Life without Excuses

This post was inspired by a tweet from Patrick Antrim where he asked: “What would life look like if you were not able to use excuses?

My initial thought was … it would be a lot less entertaining.


I was flashing back to all the excuses I’ve heard and may have perhaps used from time to to time.

The old standbys like those below can only go so far.

  • I had to wash my hair
  • My shoes were untied
  • The dog ate my homework

What would your life be like if you couldn’t use excuses?

  • What are the best excuses you’ve heard?
  • What are the best excuses you’ve used?
  • Did they work?

Come on. Share! inquiring minds want to know.

Thanks to Patrick for the great question. You can follow Patrick on Twitter here.

Added Comment:
I think Patrick had a more altruistic line of thinking about a “Life without Excuses” and I think there is a lot that can be written, spoken and sung about this point. Ultimately from a Leadership perspective the word accountability and the phrase taking responsibility for one’s actions come to mind. There is not enough of either in the world today.

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I have spent the last 20 years working in various aspects of the ECM industry. I am currently with
Kodak as a Director of Business Development. In my past I have spent time at Kofax, Microsoft, FileNet, K2, and at Captaris (which was acquired by Open Text). Prior to that I was a Unix VAR running my own company. Follow me on Twitter, check my blog, send email or find me on Facebook or LinkedIn.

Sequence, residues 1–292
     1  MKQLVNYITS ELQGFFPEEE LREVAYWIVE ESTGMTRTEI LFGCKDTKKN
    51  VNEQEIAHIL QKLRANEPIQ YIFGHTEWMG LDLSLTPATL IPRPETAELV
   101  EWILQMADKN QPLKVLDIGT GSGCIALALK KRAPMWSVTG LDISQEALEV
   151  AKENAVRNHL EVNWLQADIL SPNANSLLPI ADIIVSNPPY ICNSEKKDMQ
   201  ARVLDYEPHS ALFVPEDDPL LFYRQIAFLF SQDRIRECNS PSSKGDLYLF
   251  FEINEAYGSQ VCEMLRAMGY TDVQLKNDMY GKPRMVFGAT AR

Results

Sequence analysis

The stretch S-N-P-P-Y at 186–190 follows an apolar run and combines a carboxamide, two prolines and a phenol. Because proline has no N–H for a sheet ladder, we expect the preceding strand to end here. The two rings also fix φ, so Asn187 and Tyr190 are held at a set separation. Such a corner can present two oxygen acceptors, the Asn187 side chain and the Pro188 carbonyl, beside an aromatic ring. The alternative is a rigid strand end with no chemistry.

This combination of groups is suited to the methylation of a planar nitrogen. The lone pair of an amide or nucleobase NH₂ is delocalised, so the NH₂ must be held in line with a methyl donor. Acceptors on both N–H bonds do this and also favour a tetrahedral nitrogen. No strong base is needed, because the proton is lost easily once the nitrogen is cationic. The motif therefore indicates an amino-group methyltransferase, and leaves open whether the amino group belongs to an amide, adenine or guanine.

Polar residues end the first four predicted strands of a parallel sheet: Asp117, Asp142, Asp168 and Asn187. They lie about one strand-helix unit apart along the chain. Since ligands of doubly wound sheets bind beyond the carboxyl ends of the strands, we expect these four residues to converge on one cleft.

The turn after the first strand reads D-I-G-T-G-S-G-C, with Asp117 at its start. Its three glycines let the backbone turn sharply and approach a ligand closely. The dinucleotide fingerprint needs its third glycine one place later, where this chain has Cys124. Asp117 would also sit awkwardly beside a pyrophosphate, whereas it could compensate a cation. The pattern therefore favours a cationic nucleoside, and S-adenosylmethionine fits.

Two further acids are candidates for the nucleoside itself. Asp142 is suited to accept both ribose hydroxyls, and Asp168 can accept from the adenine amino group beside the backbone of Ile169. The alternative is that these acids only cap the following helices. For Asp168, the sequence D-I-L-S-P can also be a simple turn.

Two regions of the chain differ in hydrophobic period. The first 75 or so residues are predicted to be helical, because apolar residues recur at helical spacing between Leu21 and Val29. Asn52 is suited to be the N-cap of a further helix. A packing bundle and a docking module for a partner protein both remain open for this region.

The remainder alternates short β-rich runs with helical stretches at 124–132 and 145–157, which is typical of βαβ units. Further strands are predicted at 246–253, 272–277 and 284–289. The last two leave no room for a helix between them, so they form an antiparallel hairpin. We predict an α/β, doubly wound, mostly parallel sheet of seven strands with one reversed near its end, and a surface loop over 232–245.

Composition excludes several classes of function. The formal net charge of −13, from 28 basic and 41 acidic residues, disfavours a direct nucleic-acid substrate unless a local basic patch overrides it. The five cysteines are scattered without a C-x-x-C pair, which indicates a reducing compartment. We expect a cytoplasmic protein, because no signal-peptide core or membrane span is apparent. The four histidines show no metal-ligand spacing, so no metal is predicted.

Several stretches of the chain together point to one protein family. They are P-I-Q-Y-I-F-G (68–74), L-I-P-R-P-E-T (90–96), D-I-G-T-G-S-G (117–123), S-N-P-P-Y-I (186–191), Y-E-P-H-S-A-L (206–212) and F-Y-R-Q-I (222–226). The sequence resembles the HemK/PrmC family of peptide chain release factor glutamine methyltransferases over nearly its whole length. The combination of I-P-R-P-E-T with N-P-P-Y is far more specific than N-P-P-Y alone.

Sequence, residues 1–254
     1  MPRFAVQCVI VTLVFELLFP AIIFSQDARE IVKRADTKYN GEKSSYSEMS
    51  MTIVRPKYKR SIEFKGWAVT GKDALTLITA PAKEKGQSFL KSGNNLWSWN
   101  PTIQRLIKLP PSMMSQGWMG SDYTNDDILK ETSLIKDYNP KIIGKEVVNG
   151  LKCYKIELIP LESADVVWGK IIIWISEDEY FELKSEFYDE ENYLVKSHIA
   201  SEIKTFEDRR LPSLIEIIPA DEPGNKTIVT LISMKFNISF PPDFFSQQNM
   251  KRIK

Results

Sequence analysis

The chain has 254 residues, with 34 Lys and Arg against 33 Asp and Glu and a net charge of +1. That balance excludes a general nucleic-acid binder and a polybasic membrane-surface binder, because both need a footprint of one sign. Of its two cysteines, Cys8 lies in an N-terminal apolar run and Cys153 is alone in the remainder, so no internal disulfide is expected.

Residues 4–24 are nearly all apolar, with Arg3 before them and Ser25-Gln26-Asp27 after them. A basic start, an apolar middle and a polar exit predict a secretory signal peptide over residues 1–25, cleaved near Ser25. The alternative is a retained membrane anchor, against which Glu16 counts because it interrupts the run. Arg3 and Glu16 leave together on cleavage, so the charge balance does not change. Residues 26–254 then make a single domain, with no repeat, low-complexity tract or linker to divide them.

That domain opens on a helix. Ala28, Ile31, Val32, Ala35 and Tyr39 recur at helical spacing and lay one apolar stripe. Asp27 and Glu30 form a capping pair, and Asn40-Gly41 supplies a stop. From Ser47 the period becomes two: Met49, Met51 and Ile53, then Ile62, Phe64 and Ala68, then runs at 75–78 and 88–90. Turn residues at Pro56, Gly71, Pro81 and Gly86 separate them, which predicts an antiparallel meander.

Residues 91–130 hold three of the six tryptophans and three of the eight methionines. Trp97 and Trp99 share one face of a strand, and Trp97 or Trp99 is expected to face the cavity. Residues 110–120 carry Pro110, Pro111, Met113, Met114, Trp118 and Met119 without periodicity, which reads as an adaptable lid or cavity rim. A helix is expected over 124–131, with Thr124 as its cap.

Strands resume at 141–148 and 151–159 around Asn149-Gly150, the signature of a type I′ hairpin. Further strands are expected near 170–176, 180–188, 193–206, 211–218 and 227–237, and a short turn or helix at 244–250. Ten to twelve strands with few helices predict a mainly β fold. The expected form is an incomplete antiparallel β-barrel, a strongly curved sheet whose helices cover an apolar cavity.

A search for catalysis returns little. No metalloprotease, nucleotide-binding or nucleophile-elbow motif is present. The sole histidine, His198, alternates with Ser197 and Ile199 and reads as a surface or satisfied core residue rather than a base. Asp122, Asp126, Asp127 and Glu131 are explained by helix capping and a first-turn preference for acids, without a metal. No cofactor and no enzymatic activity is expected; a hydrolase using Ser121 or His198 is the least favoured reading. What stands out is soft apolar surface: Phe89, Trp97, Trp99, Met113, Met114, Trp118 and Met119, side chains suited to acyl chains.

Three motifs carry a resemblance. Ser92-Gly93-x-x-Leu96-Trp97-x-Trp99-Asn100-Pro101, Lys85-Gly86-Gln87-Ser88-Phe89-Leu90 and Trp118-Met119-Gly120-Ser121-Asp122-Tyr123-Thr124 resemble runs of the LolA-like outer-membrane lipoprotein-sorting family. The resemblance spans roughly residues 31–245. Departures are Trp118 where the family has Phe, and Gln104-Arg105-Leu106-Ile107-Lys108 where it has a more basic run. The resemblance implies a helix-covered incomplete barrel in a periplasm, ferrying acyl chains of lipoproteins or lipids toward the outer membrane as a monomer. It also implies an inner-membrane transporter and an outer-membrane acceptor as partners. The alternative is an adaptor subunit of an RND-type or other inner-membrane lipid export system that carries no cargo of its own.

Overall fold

Thanks for the mention. My experience in professional sports and leadership has taught me to push through many situations making adjustments along the way to ensure success.

It seems that in the corporate world I discover a higher degree of excuses that would not be accepted in truly competitive environments. Sometimes these excuses simply explain away non performance or setbacks.

Thank you for your post and I look forward to further discussion.
It is obvious that excuses paralyzes self-improvement. There is even evidence that extreme recoveries from brain damage and other severe mental disorders, unexplainable by conventional neurology, are linked to tolerant environments (references: "Mind, Brain and Education" by Kurt Fischer and Christina Hinton, "The brain that changes itself" by Norman Doidge). However, the existence of the nocebo effect (the destructive version of placebo) shows that "tolerance" on the lines of "do not blame him/her because he/she cannot help it" does not work for this purpose. It must be radical non-blaming, which means avoiding to blame without excuses so that no excuses at all have to be used. And considering the stupidity that is destroying the world, such an intellectual leap is exactly what the world needs.